The Hyper-Wealthy Own Us (Literally)

By: Thursday June 19, 2014 8:03 am

Last year eight Americans — the four Waltons of Walmart fame, the two Koch brothers, Bill Gates, and Warren Buffett — made more money than 3.6 million American minimum wage workers combined

 

Hachette Says Amazon Delaying Book Shipments to Monopolistically Squeeze Profits

By: Friday May 9, 2014 10:46 am

Amazon controls roughly one third of the book market in the United States, giving it considerable muscle to extract favorable sales and payment terms. And according to Hachette Books, one of the largest New York publishing groups, Amazon is monopolistically delaying shipment of hard cover books 2-4 weeks by authors like Stephen Colbert and Malcolm Gladwell in order to do just that.

Silicon Valley Makes Another Attempt to Dodge Taxes With G20

By: Monday January 20, 2014 10:06 am

Silicon Valley likes to present itself as some hub of boot strapping entrepreneurs, nothing could be further from the truth. The entire economy is built on government subsidies and protection. As Steve Blank notes in his famous presentation The Secret History of Silicon Valley the place would not even exist without the Department of Defense which, in partnership with former World War II intelligence workers at Stanford University, provided the capital and infrastructure for high tech economy. That support continues to this day both from the Pentagon, the National Science Foundation, and also a number of other government funders.

Why the Washington Post’s New Ties to the CIA Are So Ominous

By: Monday January 13, 2014 7:15 pm

American journalism has entered highly dangerous terrain. A tip-off is that the Washington Post refuses to face up to a conflict of interest involving Jeff Bezos — who’s now the sole owner of the powerful newspaper at the same time he remains Amazon’s CEO and main stakeholder.

The CIA, Amazon, Bezos and the Washington Post: An Exchange with Executive Editor Martin Baron

By: Wednesday January 8, 2014 2:20 pm

A basic principle of journalism is to acknowledge when the owner of a media outlet has a major financial relationship with the subject of coverage. We strongly urge the Washington Post to be fully candid with its readers about the fact that the newspaper’s new owner, Jeff Bezos, is the founder and CEO of Amazon which recently landed a $600 million contract with the CIA. The Washington Post’s coverage of the CIA should include full disclosure that the sole owner of the Post is also the main owner of Amazon — and Amazon is now gaining huge profits directly from the CIA.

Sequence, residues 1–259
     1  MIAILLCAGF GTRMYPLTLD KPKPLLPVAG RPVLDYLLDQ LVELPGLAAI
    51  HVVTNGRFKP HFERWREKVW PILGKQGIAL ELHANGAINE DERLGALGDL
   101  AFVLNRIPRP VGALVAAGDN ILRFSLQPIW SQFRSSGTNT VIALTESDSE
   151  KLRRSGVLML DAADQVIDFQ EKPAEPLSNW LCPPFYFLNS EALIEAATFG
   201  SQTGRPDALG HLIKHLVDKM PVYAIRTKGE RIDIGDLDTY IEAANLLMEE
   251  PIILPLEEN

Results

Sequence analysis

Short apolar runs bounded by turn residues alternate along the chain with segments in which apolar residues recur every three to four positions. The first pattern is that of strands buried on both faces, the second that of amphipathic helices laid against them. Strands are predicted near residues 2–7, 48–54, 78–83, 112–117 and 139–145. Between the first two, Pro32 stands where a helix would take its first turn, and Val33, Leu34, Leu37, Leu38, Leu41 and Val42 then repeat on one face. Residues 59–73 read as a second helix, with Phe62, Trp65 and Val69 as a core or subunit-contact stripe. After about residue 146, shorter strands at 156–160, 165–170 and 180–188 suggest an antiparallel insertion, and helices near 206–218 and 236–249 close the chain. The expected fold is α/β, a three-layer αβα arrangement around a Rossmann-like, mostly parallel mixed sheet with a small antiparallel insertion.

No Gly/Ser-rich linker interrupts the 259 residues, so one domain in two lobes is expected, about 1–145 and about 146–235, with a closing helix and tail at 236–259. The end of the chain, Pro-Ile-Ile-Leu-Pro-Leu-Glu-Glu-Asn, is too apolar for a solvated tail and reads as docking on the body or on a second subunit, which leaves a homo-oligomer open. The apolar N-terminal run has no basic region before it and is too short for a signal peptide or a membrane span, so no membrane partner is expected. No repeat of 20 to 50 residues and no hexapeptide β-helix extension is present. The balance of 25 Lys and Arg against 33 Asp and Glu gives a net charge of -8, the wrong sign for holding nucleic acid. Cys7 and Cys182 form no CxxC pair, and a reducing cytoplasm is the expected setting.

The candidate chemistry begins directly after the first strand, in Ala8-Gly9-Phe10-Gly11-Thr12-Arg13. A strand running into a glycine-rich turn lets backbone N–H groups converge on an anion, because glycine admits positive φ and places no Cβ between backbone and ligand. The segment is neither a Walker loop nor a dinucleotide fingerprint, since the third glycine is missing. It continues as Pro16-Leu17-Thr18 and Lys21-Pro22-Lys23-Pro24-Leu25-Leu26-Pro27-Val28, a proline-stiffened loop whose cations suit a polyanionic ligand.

Late Night: Under Amazon’s CIA Cloud: The Washington Post

By: Wednesday December 18, 2013 8:00 pm

News media should illuminate conflicts of interest, not embody them. But the owner of the Washington Post is now doing big business with the Central Intelligence Agency, while readers of the newspaper’s CIA coverage are left in the dark.

Automatic Delivery Yes, but Not by Flying Drone

By: Monday December 2, 2013 10:52 am

We probably won’t have a lot of flying drone deliveries for the same reason we still don’t have many jet-packs and flying cars. From a physics perspective traveling short distance on the ground is almost always smarter.

Jeff Bezos Letter to Staff Hints at Changes He’ll Make at the Washington Post

By: Wednesday August 7, 2013 3:50 pm

If Bezos intends to wring those revenues out of online advertising — the only growing segment of the Post’s revenue stream — he’s going to come up against the Google monopoly.

FDL Book Salon Welcomes Nicco Mele, The End of Big: How the Internet Makes David the New Goliath

By: Sunday May 26, 2013 1:59 pm

Nicco Mele is a man who knows the internet. The webmaster for Howard Dean’s presidential campaign in 2004 and the founder of a leading internet strategy firm, his discussion moves between the effect of Twitter on news reporting, Hollywood’s relationship with Netflix and Al Qaeda’s use of YouTube. These are only three of the many examples which make this book so interesting. The big ideas are sustained by engaging anecdotes.

The theme of Mele’s book is the effect of “radical connectivity”, which he describes as “our breathtaking ability to send vast amounts of data instantly, constantly and globally”, thus transforming politics, business and culture.

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